Two days from now my good friend Audra and I will be sitting in the audience, with friends, at the third annual Listen to Your Mother – Chicago show. It will be bittersweet for both of us, as we have both auditioned for the show in the past and were not chosen to be a part of the cast. This year Audra submitted and auditioned with a moving piece about being an aunt, a daughter and a mother. Anyone who has been touched by Alzheimer’s disease and dementia, will especially appreciate why it is so meaningful.
Though I wish that Audra and I both were going to be sharing our stories on stage this Sunday, I get how difficult it must be for the producers to make cuts and people’s dreams come true, at the same time. We may or may not try again in the future. But I do know how much I look forward to hearing the stories of the 2014 Listen to Your Mother – Chicago cast. I also want you to read Audra’s piece, as I believe that it deserves to be heard/out there. Since Audra is not a writer or blogger, I am grateful that she is allowing me to share this with you, here, as a guest post.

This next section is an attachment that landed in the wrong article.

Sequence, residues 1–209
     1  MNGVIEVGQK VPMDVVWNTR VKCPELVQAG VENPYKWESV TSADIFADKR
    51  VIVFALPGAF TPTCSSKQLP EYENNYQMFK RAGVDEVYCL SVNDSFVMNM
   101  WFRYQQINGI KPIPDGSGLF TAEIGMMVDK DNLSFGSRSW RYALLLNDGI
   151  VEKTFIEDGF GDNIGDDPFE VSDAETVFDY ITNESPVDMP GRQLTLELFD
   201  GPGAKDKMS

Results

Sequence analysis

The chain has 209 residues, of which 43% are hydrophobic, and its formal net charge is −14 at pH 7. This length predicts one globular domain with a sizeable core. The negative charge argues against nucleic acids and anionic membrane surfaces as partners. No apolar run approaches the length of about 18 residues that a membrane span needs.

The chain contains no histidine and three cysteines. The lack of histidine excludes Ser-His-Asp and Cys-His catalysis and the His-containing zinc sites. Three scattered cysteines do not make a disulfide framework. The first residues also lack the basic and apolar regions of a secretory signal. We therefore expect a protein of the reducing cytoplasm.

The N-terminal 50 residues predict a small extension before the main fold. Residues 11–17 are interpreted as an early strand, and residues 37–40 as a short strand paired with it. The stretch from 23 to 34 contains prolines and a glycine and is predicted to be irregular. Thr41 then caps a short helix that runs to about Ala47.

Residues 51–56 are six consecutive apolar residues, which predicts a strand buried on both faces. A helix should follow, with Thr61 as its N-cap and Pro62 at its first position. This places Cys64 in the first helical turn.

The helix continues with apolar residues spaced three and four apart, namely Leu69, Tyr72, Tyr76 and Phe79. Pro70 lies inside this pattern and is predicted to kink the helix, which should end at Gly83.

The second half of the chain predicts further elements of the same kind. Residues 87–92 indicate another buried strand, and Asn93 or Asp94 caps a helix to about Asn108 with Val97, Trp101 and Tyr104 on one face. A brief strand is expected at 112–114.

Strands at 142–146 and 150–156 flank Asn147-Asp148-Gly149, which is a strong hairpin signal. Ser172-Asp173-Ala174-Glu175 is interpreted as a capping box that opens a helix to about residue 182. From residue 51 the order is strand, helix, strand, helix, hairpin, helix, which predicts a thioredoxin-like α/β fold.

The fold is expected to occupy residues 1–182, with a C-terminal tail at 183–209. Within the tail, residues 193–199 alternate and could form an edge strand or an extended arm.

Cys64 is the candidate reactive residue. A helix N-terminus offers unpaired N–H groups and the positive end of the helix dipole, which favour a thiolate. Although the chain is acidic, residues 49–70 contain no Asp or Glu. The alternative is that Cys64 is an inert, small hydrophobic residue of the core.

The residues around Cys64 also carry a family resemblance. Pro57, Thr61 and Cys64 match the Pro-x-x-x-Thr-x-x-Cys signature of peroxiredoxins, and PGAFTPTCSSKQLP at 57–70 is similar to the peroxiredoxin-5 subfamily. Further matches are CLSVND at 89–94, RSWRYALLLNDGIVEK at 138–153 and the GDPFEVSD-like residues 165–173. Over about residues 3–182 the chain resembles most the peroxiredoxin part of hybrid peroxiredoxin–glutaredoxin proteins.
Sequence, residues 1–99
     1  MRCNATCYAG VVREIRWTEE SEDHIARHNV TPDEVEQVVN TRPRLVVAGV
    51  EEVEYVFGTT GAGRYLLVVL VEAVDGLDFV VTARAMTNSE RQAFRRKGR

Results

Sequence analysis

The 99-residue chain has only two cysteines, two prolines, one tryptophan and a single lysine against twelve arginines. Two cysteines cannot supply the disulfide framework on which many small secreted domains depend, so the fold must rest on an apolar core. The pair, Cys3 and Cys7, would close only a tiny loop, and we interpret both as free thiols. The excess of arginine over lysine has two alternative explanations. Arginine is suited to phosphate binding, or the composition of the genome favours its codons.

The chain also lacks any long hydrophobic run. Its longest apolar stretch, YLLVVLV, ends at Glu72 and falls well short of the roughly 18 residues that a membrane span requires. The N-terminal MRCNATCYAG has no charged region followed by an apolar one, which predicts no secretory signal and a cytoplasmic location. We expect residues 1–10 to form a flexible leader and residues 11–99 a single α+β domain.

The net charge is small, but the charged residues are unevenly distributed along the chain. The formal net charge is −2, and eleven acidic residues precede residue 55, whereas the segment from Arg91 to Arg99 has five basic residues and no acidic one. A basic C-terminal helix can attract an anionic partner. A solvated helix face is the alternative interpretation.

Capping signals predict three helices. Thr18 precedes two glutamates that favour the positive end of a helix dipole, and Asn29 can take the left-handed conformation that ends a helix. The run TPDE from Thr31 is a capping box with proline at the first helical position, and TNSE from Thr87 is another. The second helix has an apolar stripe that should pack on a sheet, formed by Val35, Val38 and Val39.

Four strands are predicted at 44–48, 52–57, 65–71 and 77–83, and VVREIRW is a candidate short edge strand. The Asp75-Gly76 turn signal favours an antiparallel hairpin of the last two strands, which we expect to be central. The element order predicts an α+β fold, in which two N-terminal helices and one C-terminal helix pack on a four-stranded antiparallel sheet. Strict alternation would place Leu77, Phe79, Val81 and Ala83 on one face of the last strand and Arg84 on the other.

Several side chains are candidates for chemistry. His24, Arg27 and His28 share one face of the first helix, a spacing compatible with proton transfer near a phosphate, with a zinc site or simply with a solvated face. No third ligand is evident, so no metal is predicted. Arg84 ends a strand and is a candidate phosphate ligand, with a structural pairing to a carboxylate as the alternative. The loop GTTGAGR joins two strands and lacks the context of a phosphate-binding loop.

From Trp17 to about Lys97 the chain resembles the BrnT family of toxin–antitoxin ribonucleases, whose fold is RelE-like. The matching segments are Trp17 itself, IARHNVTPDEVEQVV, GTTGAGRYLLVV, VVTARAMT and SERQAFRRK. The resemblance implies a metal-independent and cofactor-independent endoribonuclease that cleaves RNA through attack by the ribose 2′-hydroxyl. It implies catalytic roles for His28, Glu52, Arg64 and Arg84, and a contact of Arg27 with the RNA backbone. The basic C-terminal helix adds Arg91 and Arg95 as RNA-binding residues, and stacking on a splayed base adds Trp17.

Are You My Mother?
by Audra Dye
Many of us, when you hear that question, think of the iconic children’s book where a baby bird falls out of its nest and goes on a search to find its mother. When I was nineteen years old, my older sister and her two-year old daughter moved back in with my parents for a period of time. While home from college for the summer I spent a lot of time with my niece and “Are You My Mother?” was her favorite book. We all read it to her over and over again.
Never could I have known that twenty years later while visiting my childhood home this question would be asked of me. The kicker? It was my mother who asked me this question.
We started noticing changes in my mom’s memory in 2001. She would immediately forget what we were talking about, but she was still fully functioning and it was only a minor (ok, at times, major) annoyance. It was the fall of 2003 we learned the devastating news: she had Alzheimer’s disease.
I got married in 2004 and in early 2007 my husband and I suffered from two miscarriages within three months. We were devastated after these happened and decided to take the rest of the year off from trying to get pregnant and would start “fresh”, so to speak, at the turn of the New Year.